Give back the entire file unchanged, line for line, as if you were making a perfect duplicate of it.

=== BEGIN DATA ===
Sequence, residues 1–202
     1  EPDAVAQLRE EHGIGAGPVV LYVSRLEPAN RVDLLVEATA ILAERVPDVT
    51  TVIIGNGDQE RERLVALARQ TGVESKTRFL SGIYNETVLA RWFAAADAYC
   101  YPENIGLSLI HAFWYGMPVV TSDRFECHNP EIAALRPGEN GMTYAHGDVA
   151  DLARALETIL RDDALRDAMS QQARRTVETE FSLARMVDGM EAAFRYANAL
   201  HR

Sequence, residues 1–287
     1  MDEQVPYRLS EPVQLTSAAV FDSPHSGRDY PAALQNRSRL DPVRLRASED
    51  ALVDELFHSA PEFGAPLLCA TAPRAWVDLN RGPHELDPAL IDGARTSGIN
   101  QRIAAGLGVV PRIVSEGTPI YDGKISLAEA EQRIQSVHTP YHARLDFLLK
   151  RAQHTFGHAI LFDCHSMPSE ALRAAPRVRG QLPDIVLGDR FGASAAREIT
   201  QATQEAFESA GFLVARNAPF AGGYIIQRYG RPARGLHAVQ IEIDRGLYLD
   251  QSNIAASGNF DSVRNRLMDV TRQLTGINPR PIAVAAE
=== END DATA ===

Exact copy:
Sequence, residues 1–202
     1  EPDAVAQLRE EHGIGAGPVV LYVSRLEPAN RVDLLVEATA ILAERVPDVT
    51  TVIIGNGDQE RERLVALARQ TGVESKTRFL SGIYNETVLA RWFAAADAYC
   101  YPENIGLSLI HAFWYGMPVV TSDRFECHNP EIAALRPGEN GMTYAHGDVA
   151  DLARALETIL RDDALRDAMS QQARRTVETE FSLARMVDGM EAAFRYANAL
   201  HR

Sequence, residues 1–287
     1  MDEQVPYRLS EPVQLTSAAV FDSPHSGRDY PAALQNRSRL DPVRLRASED
    51  ALVDELFHSA PEFGAPLLCA TAPRAWVDLN RGPHELDPAL IDGARTSGIN
   101  QRIAAGLGVV PRIVSEGTPI YDGKISLAEA EQRIQSVHTP YHARLDFLLK
   151  RAQHTFGHAI LFDCHSMPSE ALRAAPRVRG QLPDIVLGDR FGASAAREIT
   201  QATQEAFESA GFLVARNAPF AGGYIIQRYG RPARGLHAVQ IEIDRGLYLD
   251  QSNIAASGNF DSVRNRLMDV TRQLTGINPR PIAVAAE